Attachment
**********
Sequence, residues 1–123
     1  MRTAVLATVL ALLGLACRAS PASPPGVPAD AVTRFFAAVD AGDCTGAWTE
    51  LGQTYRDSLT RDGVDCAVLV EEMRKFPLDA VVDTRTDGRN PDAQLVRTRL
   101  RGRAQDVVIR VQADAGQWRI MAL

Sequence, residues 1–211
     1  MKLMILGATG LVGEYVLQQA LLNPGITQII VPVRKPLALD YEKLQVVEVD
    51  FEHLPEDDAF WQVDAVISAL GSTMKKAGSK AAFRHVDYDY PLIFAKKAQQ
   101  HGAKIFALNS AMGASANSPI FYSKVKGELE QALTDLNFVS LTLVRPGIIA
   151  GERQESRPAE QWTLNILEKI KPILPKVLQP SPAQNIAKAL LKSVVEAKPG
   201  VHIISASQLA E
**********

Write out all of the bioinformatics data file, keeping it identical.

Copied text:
Sequence, residues 1–123
     1  MRTAVLATVL ALLGLACRAS PASPPGVPAD AVTRFFAAVD AGDCTGAWTE
    51  LGQTYRDSLT RDGVDCAVLV EEMRKFPLDA VVDTRTDGRN PDAQLVRTRL
   101  RGRAQDVVIR VQADAGQWRI MAL

Sequence, residues 1–211
     1  MKLMILGATG LVGEYVLQQA LLNPGITQII VPVRKPLALD YEKLQVVEVD
    51  FEHLPEDDAF WQVDAVISAL GSTMKKAGSK AAFRHVDYDY PLIFAKKAQQ
   101  HGAKIFALNS AMGASANSPI FYSKVKGELE QALTDLNFVS LTLVRPGIIA
   151  GERQESRPAE QWTLNILEKI KPILPKVLQP SPAQNIAKAL LKSVVEAKPG
   201  VHIISASQLA E